Decision Grids help to assess ideas based on set criteria. As a facilitation tool, decision grids resemble a simple matrix that organise ideas based on how likely they are to be effective. They can be particularly useful when seeking to bring some order to a random or unnecessarily complex debate.
When it comes to making decisions, many potential solutions are often discussed in relation to basic criteria. If we do this, how much will it cost? Budget is perhaps the most simple and obvious example when it comes to the evaluation of ideas, however there are a number of other key considerations. Time, labour, skill, achievability, return on investment are just a few.
How do you make the best decision? The solution that is most likely to be effective might also be the most costly. What is more important? Simply deciding what is important can often be a contentious issue, with lots of conflicting ideas from team members. Too many ideas can be a recipe for disaster as there is the chance of gridlock with no decisions made at all.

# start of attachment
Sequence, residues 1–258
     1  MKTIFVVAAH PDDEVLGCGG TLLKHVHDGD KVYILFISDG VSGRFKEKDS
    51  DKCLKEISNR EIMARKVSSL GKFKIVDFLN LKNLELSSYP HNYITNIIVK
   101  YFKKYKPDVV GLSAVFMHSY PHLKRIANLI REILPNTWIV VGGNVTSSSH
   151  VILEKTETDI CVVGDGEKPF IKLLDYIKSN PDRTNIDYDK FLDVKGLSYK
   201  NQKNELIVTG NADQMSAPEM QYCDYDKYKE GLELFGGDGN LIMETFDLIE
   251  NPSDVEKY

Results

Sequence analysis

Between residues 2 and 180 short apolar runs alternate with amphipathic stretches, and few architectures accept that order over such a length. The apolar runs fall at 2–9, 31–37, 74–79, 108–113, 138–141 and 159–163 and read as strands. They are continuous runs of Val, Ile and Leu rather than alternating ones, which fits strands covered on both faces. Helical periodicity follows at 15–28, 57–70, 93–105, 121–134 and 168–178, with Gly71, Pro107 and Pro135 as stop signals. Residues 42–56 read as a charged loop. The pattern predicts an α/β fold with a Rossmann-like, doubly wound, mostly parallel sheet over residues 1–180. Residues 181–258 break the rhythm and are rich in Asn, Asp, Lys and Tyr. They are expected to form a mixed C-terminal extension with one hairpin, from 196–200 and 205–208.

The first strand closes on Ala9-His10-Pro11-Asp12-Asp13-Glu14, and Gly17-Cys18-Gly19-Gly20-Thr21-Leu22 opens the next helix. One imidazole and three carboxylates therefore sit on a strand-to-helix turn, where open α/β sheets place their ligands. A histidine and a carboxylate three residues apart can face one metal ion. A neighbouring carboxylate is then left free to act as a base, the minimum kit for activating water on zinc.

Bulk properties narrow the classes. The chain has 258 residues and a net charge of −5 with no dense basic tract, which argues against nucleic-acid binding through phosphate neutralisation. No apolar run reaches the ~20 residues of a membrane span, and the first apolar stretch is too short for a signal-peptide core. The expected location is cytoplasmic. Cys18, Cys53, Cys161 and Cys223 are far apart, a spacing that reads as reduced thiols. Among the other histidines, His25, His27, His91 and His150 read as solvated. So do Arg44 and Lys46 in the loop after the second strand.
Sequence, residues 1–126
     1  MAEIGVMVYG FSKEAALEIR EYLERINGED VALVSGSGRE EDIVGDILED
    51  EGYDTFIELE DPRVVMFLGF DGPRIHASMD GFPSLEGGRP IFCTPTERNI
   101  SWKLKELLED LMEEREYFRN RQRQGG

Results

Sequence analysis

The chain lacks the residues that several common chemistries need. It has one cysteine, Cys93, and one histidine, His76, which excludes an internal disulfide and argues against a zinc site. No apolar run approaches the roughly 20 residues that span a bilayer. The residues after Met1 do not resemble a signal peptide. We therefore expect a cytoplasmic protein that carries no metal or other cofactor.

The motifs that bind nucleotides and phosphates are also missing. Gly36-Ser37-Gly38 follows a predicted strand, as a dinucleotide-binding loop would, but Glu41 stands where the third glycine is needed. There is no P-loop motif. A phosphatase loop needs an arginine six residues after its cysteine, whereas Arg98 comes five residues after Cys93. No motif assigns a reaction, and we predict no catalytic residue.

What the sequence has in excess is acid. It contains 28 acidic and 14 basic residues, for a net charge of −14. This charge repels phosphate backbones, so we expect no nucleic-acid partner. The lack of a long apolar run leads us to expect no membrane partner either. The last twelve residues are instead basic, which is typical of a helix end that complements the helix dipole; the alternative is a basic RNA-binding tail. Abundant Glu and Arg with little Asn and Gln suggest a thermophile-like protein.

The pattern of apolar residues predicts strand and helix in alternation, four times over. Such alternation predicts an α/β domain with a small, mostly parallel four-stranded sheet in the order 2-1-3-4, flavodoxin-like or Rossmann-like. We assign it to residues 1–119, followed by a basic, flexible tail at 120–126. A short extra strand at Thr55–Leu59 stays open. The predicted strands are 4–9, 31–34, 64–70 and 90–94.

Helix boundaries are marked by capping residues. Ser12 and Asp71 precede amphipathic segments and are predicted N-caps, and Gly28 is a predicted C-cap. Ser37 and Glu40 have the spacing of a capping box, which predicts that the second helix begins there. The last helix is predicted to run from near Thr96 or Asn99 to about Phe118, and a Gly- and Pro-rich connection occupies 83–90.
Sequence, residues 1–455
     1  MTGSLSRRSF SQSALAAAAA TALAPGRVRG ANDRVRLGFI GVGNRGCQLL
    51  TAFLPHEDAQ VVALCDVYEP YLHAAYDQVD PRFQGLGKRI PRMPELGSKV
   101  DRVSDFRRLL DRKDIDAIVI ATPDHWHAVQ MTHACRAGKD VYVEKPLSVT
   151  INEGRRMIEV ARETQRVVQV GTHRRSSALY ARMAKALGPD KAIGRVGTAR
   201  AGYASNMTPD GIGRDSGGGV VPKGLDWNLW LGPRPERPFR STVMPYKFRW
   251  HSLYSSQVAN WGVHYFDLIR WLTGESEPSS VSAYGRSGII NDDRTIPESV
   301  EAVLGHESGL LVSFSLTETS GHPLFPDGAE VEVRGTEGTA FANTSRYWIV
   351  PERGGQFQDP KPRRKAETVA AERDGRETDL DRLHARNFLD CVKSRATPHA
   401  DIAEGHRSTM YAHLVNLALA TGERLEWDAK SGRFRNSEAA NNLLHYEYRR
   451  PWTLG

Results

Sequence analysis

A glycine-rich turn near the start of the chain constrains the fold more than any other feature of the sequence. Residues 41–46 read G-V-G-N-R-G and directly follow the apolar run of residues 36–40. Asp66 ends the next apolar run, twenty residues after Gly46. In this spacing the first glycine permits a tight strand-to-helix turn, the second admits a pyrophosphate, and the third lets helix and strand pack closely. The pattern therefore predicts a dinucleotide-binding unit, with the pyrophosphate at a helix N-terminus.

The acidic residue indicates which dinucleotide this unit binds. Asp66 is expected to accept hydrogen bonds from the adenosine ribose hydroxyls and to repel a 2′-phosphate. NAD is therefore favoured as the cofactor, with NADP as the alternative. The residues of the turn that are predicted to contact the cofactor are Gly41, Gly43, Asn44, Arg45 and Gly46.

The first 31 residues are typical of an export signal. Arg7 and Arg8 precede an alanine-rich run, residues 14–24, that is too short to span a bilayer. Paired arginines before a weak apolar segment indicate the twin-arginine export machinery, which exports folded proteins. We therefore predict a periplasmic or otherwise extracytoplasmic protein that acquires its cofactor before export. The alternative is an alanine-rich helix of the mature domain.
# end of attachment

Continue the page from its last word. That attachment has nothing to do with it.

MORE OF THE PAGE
Here’s a template for a simple decision grid to help you prioritise what decisions could be made, how they could be implemented and, most importantly, how they could be evaluated:
1. Be clear about the problem that needs to be solved
2. Note down important considerations along the left side of the grid
3. Write all of the potential solutions along the top
4. Use a simple point scale to rate each of the solutions against each of the considerations and write the number in the box. (For example: If 1=Poor, 2=Fair, and 3=Good, you might give a solution that costs <£100 a score of 3 while a solution that cost £1,000 would rate a 1.)
5. Once the ratings are complete, add up the columns. The solution with the highest score ranks first to implement, second highest score ranks second to implement, and so on.
For more information on facilitation tools, check out our Infographic: Process Tools for Effective Meeting Facilitation